by Suze Allen
Meme bought me new shoes every fall. When I was 26 and going to my first teaching job, she bought me “school clothes”. When I was 28 and getting married, she took me shopping for lingerie. When I was 29 and divorcing, she bought me “cheering up” outfits. She always gave me $10 for gas and a bag of groceries when I showed up at her trailer. Before I left, she would scour her cupboards trying to find odd things for me to take home.
“Here honey, you take it. I’ll never use it. Do you like Vienna Sausages?”
Meme kept the wolf from my door.
Often while driving over to be with her, I would calculate approximately how many years we had left. I prayed that she would live to one hundred and one. I would send her picture in to Willard Scott, and we would see her on the Today Show. Willard would say,
“Rose Buker is 101 today and as pretty as the flower she’s named after. She still lives at home and loves playing Trivial Pursuit and going out for Chinese food.”
On less hopeful days I would try to prep myself for her death. I imagined not being able to just go visit her whenever I wanted. I saw myself cooking Thanksgiving dinner without her, playing Trivial Pursuit without a partner, and buying my own shoes. None of it was any good.
When she really died, I wasn’t ready. It took forever for it to sink in. I’d pick up the phone to call her then remember she wasn’t anywhere. I’d start to ask my Mom if she’d heard from Meme and have to stop myself mid-sentence. I was lost. Then she spoke to me.
“Hello darling. I’m still with you”. Her voice like the wind blowing across my face. Just there. That was enough somehow.
One day when I was out for my morning run, I realized she had stopped talking. I turned down my Walkman. Maybe I just wasn’t listening hard enough.
Weeks passed and I didn’t hear from her. I couldn’t remember the sound of her voice anymore. Grief swallowed me up all over again.
One night, I was having the recurring dream about my Grandpa. He’s ambling down a side street in San Juan, wearing his summer hat and a light blue button-down shirt with short sleeves. I’m walking straight towards him. We stare at each other like owls. “Who? Who?” I realize he’s not dead but secretly living in Puerto Rico. That’s usually how the dream ends but this time it goes on and I say, “I’m going to tell Meme on you!” And as soon as I say it, Meme appears behind him and takes his hand.
“I already know, darling,” she says. I am flooded with relief. Then I wake up.
Meme shows up in a dream of her own the next night and the night after that until she is a regular staple of my nocturnal journeys. Having her there is almost like the resurrection that Barbara and I wanted at her burial but without the stench of the dead body. The dreamy visits are even better than the sound of her voice.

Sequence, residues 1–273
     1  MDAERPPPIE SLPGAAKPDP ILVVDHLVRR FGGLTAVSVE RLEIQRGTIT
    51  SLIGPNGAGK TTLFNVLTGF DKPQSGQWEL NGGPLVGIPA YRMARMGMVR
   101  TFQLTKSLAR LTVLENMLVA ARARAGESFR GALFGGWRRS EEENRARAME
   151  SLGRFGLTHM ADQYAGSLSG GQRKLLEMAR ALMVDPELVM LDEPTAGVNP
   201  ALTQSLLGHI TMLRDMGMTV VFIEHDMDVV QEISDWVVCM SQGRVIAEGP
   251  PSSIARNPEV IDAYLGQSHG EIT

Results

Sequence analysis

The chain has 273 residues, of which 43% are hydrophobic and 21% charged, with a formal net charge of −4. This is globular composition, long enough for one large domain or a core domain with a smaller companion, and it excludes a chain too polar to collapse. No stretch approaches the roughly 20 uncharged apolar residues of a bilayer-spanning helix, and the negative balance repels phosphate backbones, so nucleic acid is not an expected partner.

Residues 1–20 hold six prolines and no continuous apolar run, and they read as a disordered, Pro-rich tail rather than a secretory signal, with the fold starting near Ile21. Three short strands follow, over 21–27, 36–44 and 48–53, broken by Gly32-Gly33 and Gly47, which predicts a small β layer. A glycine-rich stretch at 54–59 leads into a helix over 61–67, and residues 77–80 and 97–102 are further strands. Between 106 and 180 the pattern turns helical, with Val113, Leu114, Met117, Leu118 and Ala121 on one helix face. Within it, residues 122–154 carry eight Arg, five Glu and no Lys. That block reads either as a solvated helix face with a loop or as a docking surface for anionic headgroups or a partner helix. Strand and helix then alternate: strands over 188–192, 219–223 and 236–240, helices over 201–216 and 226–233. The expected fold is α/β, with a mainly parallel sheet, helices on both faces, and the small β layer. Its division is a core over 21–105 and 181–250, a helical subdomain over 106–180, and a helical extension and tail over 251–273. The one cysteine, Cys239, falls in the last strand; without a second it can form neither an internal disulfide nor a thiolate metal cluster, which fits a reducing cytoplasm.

I am traversing an endless corridor lined with accordion door closets eight feet tall.
“Meme could never reach the top shelf. She’s 5’2.”
Meme’s absence makes my stomachache.
Meanwhile, I am obsessing over finding a Waring Blender. My Grandfather always told me that Waring was the Cadillac of all blenders. He should know, he drove a Cadillac. Ravenous for the whir of top shelf blenders, I open the first door. I am assaulted by the plush musk of full-length minks. Perfumed iridescent sheath dresses make rows atop matching spike high heels.
“Meme, you fox, you have a slinky, secret past.”
The second door creaks open with a sour note revealing the stainless-steel base of the Waring blender. Hooray! I’m halfway to mixing heaven.
But more importantly, “Where’s Meme? MEME?” Her name echoes throughout the house.
I want to wake up, but I am consumed by the need to find the pitcher that goes to this blender. The certainty that Michael and I are in desperate need of this appliance keeps my eyes nailed shut.
I furiously open door after door after door in my pursuit of the completed blender. My attempts are futile polkas.
I am tired and discouraged when suddenly I find myself standing in front of the last door, like a contestant on Let’s Make a Deal.
“Door number 18, 952, Monty.”
“Okay, my pajama-ed friend… Here you go. Johnny, tell her what’s she’s won…”
The door slides open to reveal a lifetime supply of glass blender pitchers.
“Oh good, they’re glass, they’re glass!” I jump up and down and up and down. I found them! But it’s getting dark and there are an inordinate number of pitchers.
“Where will I put them all?” I start to get frantic.
“It’s too many. I don’t need these. I don’t want all these blenders…I just want my Meme!”
And that’s when it hits me. Meme isn’t showing up. She’s sent the blenders in her place. Oh Christ. I can’t breathe. I plead with the dream maker.
“You don’t understand, this is the only place she visits me. You have to let her come. I know she’s dead, but I don’t…, I don’t know what to do if she isn’t in my dreams. I need her.”
There is only blackness and blenders.
I wake up kicking and screaming in bed. Michael holds me until I finally stop.
“She’s gone,” I tell him.
“I’m sorry,” he says as he pulls my head onto his chest. His heartbeat calms me down.
Michael has fallen asleep under me. He whimpers intermittently like he’s dreaming. The weight of me rises up and down with his breathing. I wonder if Meme is visiting his dream. I bet not. She has gone as far away from me as a person can go.
I am not ready to give her up. I search inside the deepest cave of me hoping to find her there. Maybe she has become a piece of my sinew, the thread of all my creative thoughts or the threshold guardian of a thousand lifetimes that I will live. But I want the audio-visual Meme back. Each night I still check the locks to make sure the door is open for her unconditional arrival.